Saturday, 5 September 2015

Review of Gates of Thread and Stone by Lori M. Lee

I give it 2.5 out of 5 stars, based on the Goodreads ranking scale.

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To start, I want to state that I am not this book's target demographic, but I have a soft spot for YA fiction so I read it anyways.

The world laid out in Gates of Thread and Stone leaves something to be desired for logical consistency. It's set in a fantasy post-apocalypse world, that is explained by a clash between magic and technology that sounds a bit like they're living in a nuclear winter. The large scale world leaves something to be desired in terms of logical consistency. While I accept suspension of disbelief as necessary for fantasy, I don't understand how the world functions at all. There doesn't seem to be any weather, or any seasons, and I'm not quite certain how anyone eats anything as there doesn't seem to be any form of agriculture or herding or even hunting that would explain how a (very) crowded city is able to feed anyone at all.

The storyline is one single narrative line, and there is a plot twist at the end that I suppose is meant to be surprising but there was so many obvious hints throughout that it was pretty inevitable that something was going on behind the scenes. The pacing could have been slightly faster, but it did keep me reading along.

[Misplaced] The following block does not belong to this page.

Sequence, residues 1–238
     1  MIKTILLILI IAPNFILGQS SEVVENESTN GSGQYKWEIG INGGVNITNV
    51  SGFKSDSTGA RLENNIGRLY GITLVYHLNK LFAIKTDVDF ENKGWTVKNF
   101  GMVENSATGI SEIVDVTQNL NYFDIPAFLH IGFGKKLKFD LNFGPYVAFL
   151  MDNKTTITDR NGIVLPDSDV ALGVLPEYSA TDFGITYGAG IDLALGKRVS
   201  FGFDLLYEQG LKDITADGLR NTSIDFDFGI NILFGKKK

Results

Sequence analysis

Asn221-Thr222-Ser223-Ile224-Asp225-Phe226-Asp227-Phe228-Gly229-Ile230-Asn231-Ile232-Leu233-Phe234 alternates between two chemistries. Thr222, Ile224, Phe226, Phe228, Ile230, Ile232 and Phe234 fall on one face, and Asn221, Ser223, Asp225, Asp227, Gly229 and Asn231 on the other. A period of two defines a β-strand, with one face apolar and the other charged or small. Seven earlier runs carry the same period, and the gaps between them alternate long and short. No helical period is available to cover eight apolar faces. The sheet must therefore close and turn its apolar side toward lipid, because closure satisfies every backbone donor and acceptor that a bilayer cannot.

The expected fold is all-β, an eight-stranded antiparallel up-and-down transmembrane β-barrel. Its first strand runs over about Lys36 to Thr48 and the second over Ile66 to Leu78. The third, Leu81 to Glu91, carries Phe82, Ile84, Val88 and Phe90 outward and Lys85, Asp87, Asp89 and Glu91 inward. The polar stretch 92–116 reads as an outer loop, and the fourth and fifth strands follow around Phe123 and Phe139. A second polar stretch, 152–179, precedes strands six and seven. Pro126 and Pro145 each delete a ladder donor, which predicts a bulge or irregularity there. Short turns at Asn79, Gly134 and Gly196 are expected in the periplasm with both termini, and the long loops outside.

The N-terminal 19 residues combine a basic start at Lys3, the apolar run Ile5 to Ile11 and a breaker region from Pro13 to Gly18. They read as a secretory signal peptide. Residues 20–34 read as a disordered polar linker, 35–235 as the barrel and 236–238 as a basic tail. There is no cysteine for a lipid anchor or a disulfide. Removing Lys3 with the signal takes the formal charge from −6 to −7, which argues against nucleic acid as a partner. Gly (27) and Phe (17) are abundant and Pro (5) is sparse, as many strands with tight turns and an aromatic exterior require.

I did really enjoy the descriptions of the threads of time, and their manipulation by the protagonist, Kai. The manipulation of time was an interesting element of the storyline, and one of the saving graces.

There were two things that really bothered me: Kai's obsession with Avan's body, and the insertion of real-world elements for no apparent reason.

For the first, I don't care to know how much of the book was dedicated to minute descriptions of the male love-interest's body. His purpose in the storyline is to be hot, and to swoop in at the last minute and self-sacrifice for Kai. There is no justification for why he is so bent on safeguarding Kai, not even his family back story. He also always conveniently shows up just in the nick of time to save the day, which is not always explained. He owes her nothing, and she owes him so much, and their relationship is so tenuous I'd thought he was a very minor character until Kai's brother goes missing.

Throughout the books, there are random insertions of real-world elements in the way the speak, the items that they encounter, the way people look (such as a mohawk... I want to know how that woman got hair gel, or why that was even a style option considering other background characters are described as wearing corsets or tunics.) It was startling, and distracted me from the story. It goes back to my first point on the world lacking logical consistency.

I am going to read the sequel, and I'm hoping that the author will develop the world more. While Gates of Thread and Stone wasn't terrible, there are far better YA novels out there that feature female protagonists.

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